When renting a home or office, you usually have to put down a rental deposit as security. This comes with drawbacks. Large amounts of money are tied up without yielding a return. On the contrary, they are increasingly plagued with fees. What are the alternatives?
Up to three months’ rent tied up
By law, landlords are entitled to request up to three months’ rent as a rental deposit (for residential properties, according to Article 257e of the Swiss Code of Obligations). The secured amount can be used at a later stage to settle any tenant damage to the property or outstanding rent arrears. With a monthly rent of 2,000 francs, for example, we’re talking about a hefty sum. It means several thousand francs are tied up without accruing interest.
The trend towards negative interest rates in Switzerland is now also being reflected in this area. An increasing number of banks see rental deposits as an unattractive prospect. There is a growing tendency to charge registration costs, fees, and eventually, maybe even negative interest rates. With a standard account balance, this boils down to a situation where fees are charged and deductions are made, and no interest is paid.
Alternatives to the rental deposit
What alternatives are open to you? There are a range of different rental deposit insurance policies on the market, from institutions such as banks and insurance companies. Tenants do not have to pay a cash deposit; they pay an insurance premium instead. A guarantee is given to the landlord as security. Any legitimate outstanding debts are then settled through this rental deposit insurance. Generally speaking, these include tenant damage and any outstanding rental arrears.
There are entirely logical reasons for doing this. One is obvious: if money’s tight when moving in, the guarantee is a welcome alternative to paying a high security deposit. In practice, as tenants prepare to pay a new deposit, it often happens that their previous one has not yet been released by their former landlord. Things can then get quite tight financially.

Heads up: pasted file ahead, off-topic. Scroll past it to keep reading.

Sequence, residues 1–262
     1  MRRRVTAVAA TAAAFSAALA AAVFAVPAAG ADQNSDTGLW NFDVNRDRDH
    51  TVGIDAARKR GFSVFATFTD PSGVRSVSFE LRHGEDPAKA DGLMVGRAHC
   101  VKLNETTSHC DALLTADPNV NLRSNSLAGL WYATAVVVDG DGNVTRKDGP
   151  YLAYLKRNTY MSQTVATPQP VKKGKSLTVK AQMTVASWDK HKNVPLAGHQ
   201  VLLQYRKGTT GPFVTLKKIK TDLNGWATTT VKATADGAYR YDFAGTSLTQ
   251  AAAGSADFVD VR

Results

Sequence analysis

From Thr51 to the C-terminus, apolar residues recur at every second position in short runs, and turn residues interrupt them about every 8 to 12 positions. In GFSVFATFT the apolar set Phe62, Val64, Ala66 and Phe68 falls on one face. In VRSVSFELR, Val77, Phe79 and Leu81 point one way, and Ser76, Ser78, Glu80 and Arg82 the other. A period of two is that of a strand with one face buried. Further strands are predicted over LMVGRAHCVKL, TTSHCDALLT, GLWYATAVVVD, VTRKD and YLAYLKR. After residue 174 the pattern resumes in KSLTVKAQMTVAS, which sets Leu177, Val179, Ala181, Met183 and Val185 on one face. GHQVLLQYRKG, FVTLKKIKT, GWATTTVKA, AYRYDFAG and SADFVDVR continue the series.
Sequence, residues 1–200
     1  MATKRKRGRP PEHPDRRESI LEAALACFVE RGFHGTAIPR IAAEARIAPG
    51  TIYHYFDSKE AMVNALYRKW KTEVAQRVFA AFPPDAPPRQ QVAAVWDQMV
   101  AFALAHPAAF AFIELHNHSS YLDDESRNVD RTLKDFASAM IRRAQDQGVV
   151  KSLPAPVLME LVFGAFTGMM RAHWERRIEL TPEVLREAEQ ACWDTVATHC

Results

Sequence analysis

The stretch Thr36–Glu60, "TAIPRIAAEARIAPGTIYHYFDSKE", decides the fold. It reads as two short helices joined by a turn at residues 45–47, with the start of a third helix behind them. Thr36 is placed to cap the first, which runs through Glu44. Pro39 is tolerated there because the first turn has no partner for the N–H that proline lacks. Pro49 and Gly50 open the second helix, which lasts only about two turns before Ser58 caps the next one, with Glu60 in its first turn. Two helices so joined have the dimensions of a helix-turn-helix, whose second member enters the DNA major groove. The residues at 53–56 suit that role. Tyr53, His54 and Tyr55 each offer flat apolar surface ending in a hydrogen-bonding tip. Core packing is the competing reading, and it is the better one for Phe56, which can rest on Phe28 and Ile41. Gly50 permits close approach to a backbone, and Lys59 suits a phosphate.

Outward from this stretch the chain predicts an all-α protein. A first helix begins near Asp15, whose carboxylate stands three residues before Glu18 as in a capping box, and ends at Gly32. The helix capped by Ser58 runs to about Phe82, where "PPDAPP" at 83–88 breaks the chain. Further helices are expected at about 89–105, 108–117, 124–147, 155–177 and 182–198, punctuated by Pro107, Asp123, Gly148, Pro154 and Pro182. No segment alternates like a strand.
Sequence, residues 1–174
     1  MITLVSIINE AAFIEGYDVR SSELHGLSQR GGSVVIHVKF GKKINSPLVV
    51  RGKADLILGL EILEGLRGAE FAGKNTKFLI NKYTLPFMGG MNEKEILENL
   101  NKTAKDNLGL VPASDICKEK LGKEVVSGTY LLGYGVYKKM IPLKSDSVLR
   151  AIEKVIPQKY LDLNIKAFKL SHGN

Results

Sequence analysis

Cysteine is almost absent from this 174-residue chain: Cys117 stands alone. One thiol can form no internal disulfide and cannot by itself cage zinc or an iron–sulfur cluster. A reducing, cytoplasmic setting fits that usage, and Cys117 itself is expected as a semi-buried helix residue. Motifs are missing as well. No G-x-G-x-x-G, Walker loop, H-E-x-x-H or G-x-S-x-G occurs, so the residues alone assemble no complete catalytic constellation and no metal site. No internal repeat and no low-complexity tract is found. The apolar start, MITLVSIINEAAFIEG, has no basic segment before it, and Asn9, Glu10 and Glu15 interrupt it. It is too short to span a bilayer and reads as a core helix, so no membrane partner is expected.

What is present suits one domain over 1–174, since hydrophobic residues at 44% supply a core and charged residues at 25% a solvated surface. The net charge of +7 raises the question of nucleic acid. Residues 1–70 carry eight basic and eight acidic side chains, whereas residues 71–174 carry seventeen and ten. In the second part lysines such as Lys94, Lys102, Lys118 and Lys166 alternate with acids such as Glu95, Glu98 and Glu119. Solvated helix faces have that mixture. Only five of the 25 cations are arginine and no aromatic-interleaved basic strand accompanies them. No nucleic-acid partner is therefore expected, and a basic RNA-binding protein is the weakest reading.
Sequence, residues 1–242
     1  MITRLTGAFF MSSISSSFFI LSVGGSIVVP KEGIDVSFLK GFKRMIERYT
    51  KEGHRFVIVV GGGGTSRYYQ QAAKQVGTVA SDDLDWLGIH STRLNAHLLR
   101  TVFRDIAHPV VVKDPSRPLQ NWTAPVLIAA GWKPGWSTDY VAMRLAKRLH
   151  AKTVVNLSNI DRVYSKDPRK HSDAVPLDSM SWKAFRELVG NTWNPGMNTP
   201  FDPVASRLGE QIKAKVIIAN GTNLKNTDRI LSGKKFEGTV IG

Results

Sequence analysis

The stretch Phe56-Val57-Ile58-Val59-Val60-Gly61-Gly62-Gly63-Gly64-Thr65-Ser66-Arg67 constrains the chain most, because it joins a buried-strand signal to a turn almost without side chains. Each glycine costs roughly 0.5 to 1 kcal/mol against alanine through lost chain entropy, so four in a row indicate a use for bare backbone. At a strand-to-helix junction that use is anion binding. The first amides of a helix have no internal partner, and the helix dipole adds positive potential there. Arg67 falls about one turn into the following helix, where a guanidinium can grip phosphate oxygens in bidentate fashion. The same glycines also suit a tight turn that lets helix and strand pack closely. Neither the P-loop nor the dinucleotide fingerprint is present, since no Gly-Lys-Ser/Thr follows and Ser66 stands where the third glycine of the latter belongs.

Rental deposit insurance: what does it cover?
Strictly speaking, rental deposit insurance is not really insurance. ‘Guarantee’ is a more appropriate term. The insurer simply makes a de facto advance payment. If it is required to make payments, it will then request the same amount back from the tenant. Accordingly, the guarantee is in no way comparable to private liability insurance. All tenants are obliged to take out an appropriate liability policy completely separate to this. This generally carries the financial risk for damage to the property.
Pros and cons
The arguments in favour are essentially as follows:
- It relieves the financial burden on you as a tenant. You don’t have to pay a high cash deposit.
- Large sums aren’t tied up unnecessarily. In the current environment, there is hardly any yield on a rental deposit. By contrast, these accounts are unpopular and beset by heavy fees.
The following drawbacks run counter to these arguments:
- The cost of the guarantee is undeniable: there is a premium of around four to five per cent payable each year, depending on the provider.
- It’s important to remember that the guarantee is only an advance, and not actually insurance for financial liabilities.
It should also be added that the security, in whatever form it may take, must be expressly accepted by the person or organisation in charge of its administration. If you opt for rental deposit insurance, your landlord must give their explicit consent. The same applies in the event of subsequent termination of the contract; the landlord has to give the go-ahead.
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